December 1, 2007
The Harel House
What happened to No. 95? I know there are a few of you who notice such things. Somehow I followed No. 94, Sand in the Attic, with No. 96, The Ballou Farm. There was no 95. Oh, well, on with 97.
Friends of Historic Hopedale holiday house tour.
Hopedale in November
The Little Red Shop Renovation Project Menu
Silent auction, Hopedale PTO, December 1, 7:30 PM, Myriad Ballroom, Mendon.
Can and bottle collection, Hopedale High School, December 1, 9 to 1, for Cooperstown trip.
Sacred Heart Church fair, December 1, 10 to 2.
Breakfast with Santa, Union Church, December 1, 8 to 11. Admission, $4 per person. Free all-u-can-eat pancake breakfast. Free pictures with Santa, and kids crafts. Huge raffle.
Kris Kringle Fair, Unitarian Church, December 1, 10 to 2.
In the December-January issue of Journeys, the Blackstone Valley paper available free at many locations in the area, there's an excellent article on Adin Ballou and the Hopedale Community. It's titled, "Peace on Earth." You can read it online. To go to the Journeys homepage, BlackstoneDaily.com, click here You'll find lots of useful links and there.
You had to go a bit out of your way to get to it, but those of you who lived in Hopedale in the last half of the twentieth century would remember the Harel House. Located well off of Greene Street, near the railroad crossing, it had been the home of Dana Osgood, son of Edward Louis and Hannah Thwing Draper Osgood. His land extended down to where Dana Park and McVitty Road are now. Dana Park was named for him. The reincarnation of Osgood's estate as the Harel House is detailed in the following Milford News article. (The story below is a condensed version. Click here for the complete article, with photos.)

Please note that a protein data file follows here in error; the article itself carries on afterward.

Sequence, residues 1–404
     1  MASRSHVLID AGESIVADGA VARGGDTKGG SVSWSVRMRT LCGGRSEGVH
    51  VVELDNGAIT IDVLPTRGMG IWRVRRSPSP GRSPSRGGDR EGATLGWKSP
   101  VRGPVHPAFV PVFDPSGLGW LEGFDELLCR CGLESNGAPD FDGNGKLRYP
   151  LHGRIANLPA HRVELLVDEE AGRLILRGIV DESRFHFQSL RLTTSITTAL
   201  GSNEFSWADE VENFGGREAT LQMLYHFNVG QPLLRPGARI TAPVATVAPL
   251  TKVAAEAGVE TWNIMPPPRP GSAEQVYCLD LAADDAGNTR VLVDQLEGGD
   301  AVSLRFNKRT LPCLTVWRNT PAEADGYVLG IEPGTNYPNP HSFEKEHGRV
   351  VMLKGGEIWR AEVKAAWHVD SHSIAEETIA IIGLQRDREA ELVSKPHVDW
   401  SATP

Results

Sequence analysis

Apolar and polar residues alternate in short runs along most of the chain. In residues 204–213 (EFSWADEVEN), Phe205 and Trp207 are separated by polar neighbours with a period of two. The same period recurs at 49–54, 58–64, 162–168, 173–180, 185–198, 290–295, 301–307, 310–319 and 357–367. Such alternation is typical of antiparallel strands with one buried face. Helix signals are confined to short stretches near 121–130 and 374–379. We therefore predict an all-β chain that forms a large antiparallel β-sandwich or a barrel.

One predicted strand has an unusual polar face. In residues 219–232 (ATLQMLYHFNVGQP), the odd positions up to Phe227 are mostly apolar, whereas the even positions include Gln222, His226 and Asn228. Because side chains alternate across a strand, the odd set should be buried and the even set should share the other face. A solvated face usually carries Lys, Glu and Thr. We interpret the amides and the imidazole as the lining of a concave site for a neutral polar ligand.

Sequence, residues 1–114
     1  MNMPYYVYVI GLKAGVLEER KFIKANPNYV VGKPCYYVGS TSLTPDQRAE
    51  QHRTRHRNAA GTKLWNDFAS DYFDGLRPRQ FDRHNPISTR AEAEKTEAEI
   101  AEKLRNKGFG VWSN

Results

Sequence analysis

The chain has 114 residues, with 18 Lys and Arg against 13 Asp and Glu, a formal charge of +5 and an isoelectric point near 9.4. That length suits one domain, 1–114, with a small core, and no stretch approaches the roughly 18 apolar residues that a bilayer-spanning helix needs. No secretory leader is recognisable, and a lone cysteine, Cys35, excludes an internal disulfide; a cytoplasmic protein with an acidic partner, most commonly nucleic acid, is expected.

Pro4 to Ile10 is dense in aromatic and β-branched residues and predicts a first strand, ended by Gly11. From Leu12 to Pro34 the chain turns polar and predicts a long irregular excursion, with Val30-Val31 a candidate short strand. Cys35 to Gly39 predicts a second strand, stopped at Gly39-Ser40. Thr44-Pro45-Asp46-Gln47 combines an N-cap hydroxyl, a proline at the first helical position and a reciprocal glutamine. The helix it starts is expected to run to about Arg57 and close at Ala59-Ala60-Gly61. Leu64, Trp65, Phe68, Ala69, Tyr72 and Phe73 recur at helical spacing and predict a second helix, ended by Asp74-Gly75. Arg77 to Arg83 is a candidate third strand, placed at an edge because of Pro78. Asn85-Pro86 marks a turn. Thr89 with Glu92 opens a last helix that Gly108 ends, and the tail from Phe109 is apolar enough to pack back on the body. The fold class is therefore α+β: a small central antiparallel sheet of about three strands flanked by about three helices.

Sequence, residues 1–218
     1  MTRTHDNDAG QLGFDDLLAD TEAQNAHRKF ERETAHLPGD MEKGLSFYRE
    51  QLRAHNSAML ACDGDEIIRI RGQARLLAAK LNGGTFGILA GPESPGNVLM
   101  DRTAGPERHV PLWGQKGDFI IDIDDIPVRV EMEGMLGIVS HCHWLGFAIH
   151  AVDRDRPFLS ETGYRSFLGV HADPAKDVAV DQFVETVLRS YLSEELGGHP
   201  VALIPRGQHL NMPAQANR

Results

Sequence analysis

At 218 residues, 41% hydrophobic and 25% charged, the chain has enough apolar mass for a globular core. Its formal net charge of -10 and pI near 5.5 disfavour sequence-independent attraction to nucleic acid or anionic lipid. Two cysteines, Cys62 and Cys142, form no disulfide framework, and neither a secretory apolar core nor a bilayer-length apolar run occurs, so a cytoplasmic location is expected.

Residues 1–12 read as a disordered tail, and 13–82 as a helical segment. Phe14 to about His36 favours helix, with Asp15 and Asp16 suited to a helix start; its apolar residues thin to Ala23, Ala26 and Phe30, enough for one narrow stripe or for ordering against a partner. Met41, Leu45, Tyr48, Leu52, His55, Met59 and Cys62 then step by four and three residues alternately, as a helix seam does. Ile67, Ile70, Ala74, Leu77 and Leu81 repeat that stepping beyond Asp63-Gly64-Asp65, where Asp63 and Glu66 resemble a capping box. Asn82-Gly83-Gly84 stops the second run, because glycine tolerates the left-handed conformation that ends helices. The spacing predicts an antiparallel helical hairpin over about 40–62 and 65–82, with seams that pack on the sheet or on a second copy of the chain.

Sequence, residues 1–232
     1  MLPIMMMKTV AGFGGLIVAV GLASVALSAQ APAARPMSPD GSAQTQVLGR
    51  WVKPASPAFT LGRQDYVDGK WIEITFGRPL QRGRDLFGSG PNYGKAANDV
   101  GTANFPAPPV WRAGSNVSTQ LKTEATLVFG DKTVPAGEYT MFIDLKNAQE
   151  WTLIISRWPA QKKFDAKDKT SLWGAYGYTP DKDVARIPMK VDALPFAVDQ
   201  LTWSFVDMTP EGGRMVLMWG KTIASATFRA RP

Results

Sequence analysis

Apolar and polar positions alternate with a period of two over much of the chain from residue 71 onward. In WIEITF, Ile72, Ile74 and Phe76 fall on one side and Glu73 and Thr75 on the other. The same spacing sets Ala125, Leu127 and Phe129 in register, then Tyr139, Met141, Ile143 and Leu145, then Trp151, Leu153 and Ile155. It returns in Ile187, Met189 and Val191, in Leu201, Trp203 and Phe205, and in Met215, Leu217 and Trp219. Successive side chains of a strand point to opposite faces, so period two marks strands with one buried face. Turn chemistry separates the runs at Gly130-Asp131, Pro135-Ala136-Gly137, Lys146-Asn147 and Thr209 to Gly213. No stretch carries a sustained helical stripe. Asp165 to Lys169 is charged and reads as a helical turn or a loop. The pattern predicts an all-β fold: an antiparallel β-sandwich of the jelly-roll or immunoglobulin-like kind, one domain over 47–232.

The Harel House
By Nick J. Tosches
Daily News Staff
Surrounded by a woodland and far from the noise and bustle of a business district, an exclusive mail order manufacturing company has been operating in Hopedale nearly unnoticed the past 14 months. The company's patrons are artistically minded people from all over the world.
This young but already nationally known business is situated on the 15-acre former Osgood property off Greene Street, about a half-mile from the roadway. The office and several art rooms are located in the nearly 50 year-old mansion that is presently having its face done over. The hand-blocking, printing, and sewing rooms are located in a building not far from the home
How such a business came to Hopedale is a short story. Harry Lacey, an artist, decorator and designer for about 20 years, and his artist-designer wife, Elizabeth, became fed up with the rush of city living and tending to the many tasks involved in operating a retail shop in Boston's Back Bay. After a search of nearly a year for a country home and land which would enable them to further develop the mail order line of their business, the Laceys were introduced to their dream spot in Hopedale on the afternoon of April 1, 1946, and bought it 10 minutes later from Louis McVitty.
They have no regrets in choosing their new home and business site. Four months after the purchase the new firm began operating under the name of Harel House, a name derived from Harry and Elizabeth. About the same time they became the parents of a daughter, who was named - you guessed it; Harel.